Is Exercise Bad for Acid Reflux? If you are one of the millions of women managing acid reflux symptoms on a weekly basis, don’t miss this essential guide to understanding how exercise can impact your discomfort.
What is Acid Reflux?
Acid reflux disease, or gastroesophageal reflux disease (GERD), is the result of stomach acid frequently backing up into the esophagus due to a weak or abnormal lower esophageal sphincter. The more acid that flows back up through the esophagus, the more irritated the esophageal lining becomes leading to uncomfortable symptoms like chest pain, heartburn, difficulty swallowing, the feeling of having a lump in your throat, as well as regurgitation of sour liquid or food.
- Are pregnant
- Have developed a hiatal hernia
- Are Obese
- Have delayed stomach emptying
- Develop connective tissue disorders (i.e. scleroderma)
Acid reflux activity can also be triggered by lifestyle behaviors such as eating fried, fatty, or spicy foods, smoking, eating a large meal late at night, drinking alcohol and coffee, and taking medicines like aspirin or NSAIDs which are linked to stomach issues.
How Does Exercise Affect Acid Reflux?
In the most obvious way, exercise plays an important role in helping you maintain a healthy weight which can in turn help stave off acid reflux symptoms. When you carry extra weight around, especially around the midsection, it places added pressure on your abdomen and therefore your stomach, pushing acid up in the wrong direction.
In combination with physical exercise, acid reflux-friendly eating habits can prevent flare-ups; these include:
- Avoiding trigger foods like spices, citrus fruits, tomatoes, fatty and fried foods, mint, and chocolate
- Making sure not to eat 2 to 3 hours before bedtime
- Avoiding lying down right after a meal
- Chewing food thoroughly before swallowing
Not all exercise is created equal when it comes to acid reflux, however. There is some research that has shown high-intensity exercises like running, jumping rope, gymnastics, and weightlifting and activities which require extended bending or hanging upside down can make your body more susceptible to acid reflux. Exercises with restrictive body positions that place pressure on your chest or abdomen, as well as though that force gastric juices to pool in your stomach, or which induce rapid, deep breathing that relaxes the lower esophageal sphincter can all lead to a backflow of acid up into your esophagus. In addition to the aforementioned activities, cycling, sprinting, stair climbing, and HIIT make the list.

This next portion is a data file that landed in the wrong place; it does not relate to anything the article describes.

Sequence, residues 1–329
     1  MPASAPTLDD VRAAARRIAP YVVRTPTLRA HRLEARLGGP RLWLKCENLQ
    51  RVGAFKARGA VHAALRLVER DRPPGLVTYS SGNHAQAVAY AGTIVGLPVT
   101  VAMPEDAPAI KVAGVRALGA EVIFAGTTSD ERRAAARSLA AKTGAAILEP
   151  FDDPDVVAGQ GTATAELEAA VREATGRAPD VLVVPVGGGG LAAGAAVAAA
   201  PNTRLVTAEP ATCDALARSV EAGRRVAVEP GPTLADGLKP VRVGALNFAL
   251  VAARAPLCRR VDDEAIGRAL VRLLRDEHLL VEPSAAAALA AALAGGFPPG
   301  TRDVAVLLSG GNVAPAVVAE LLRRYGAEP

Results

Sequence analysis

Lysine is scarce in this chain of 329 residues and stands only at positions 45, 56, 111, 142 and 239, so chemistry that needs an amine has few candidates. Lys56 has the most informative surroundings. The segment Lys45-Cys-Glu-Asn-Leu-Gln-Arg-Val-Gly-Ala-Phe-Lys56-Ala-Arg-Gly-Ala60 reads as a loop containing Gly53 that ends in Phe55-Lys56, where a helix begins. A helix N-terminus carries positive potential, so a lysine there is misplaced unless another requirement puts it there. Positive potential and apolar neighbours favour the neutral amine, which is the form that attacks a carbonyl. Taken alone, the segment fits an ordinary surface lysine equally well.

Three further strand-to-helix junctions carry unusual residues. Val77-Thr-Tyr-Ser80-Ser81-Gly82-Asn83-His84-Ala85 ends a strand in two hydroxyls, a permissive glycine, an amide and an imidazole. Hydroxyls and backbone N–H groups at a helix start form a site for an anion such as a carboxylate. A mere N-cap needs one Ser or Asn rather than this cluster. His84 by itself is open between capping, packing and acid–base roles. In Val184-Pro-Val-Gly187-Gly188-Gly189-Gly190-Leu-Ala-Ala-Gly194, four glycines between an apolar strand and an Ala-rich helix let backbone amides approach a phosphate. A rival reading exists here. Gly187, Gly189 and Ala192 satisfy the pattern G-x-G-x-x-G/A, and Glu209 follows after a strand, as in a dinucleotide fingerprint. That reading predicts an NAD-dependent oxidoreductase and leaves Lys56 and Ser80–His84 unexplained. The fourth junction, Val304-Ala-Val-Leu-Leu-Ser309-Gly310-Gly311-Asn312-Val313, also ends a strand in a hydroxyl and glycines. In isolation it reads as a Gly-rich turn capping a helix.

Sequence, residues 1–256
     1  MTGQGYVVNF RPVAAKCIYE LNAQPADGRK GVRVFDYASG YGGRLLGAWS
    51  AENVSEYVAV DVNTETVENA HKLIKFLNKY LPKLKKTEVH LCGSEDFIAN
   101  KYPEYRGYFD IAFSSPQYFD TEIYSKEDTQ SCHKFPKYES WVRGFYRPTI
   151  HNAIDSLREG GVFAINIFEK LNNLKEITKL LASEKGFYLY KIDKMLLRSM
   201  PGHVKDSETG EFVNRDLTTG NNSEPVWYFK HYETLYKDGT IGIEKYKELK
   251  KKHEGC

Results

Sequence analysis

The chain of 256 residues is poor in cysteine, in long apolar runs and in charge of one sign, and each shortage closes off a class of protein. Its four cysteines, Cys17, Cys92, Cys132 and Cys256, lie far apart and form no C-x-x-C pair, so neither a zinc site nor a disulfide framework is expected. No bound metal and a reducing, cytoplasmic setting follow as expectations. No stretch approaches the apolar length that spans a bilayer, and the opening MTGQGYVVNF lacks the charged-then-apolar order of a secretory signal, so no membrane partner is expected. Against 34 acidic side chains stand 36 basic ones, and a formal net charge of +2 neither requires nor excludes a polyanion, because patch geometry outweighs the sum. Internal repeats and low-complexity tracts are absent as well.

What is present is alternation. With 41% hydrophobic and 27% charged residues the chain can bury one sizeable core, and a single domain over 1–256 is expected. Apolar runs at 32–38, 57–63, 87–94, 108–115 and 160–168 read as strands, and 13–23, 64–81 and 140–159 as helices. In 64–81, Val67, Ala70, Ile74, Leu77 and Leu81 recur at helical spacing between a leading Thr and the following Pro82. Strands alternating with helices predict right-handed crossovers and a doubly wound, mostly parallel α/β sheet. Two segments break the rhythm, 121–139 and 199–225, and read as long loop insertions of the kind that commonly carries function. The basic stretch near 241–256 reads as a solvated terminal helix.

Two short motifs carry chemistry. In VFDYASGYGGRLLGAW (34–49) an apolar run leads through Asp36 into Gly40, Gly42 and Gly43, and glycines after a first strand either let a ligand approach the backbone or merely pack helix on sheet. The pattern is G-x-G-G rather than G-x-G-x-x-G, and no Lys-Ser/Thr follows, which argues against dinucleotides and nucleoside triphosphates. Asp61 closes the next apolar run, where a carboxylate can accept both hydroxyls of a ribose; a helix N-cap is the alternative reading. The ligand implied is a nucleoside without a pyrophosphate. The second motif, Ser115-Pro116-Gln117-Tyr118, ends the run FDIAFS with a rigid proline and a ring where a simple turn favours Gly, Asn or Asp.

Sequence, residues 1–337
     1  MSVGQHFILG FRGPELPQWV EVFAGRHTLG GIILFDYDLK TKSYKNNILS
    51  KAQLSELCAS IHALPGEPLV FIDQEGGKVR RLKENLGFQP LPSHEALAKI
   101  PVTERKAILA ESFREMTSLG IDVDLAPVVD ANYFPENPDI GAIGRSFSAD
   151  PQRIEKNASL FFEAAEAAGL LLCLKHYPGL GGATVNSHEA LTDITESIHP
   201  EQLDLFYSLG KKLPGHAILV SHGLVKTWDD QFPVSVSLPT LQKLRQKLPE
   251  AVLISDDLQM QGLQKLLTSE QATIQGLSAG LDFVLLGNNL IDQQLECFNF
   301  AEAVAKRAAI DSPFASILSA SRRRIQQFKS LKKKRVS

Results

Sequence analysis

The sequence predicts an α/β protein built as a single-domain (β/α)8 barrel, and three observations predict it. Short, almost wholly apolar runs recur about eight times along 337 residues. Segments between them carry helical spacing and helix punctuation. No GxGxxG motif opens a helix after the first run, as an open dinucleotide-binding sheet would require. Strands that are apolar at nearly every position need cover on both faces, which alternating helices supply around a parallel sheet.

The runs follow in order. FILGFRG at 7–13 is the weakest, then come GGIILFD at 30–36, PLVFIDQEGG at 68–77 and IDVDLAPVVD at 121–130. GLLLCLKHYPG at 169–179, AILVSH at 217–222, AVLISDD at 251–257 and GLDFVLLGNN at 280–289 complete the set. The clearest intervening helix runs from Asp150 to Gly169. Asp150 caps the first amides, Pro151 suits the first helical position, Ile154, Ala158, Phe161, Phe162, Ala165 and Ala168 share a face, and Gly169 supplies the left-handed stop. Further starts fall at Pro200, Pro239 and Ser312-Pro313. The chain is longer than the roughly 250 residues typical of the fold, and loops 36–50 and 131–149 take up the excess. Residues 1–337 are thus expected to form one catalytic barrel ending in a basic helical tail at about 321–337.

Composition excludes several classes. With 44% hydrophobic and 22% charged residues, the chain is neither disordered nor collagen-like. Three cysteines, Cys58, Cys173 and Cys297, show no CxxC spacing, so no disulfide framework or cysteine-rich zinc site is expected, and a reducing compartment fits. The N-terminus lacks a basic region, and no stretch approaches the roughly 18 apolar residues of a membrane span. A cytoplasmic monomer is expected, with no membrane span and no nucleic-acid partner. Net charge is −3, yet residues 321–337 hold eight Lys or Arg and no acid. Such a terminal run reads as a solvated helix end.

Low-impact physical activities may be a better option if you suffer from GERD. Think stationary cycling, taking a brisk walk, hiking, swimming, yoga, tai chi, or dancing. Always speak with your doctor about any acid reflux symptoms you have and what exercises may be more appropriate for you.
In addition to irregular dietary habits, poor sleep quality was measured as a leading risk factor for GERD symptoms in a 2012 study published in BMC Medicine. A bad night’s sleep can also make you less likely to exercise the following day, indirectly contributing to weight gain that exacerbates acid reflux.
Sleep better with a wedge pillow for acid reflux, or raise the head of your bed 6 to 9 inches with wooden or cement blocks (bed risers). The increased angle of your upper body will help keep stomach acid from accidentally making its way up your esophagus.
Your doctor may also recommend pharmacological solutions that complement your exercise, sleep, and diet changes to address acid reflux issues; these include antacids, H-2 receptor blockers, and proton pump inhibitors.
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This belly exercise relieves my GERD instantly…
Is Exercise Bad for Acid Reflux?
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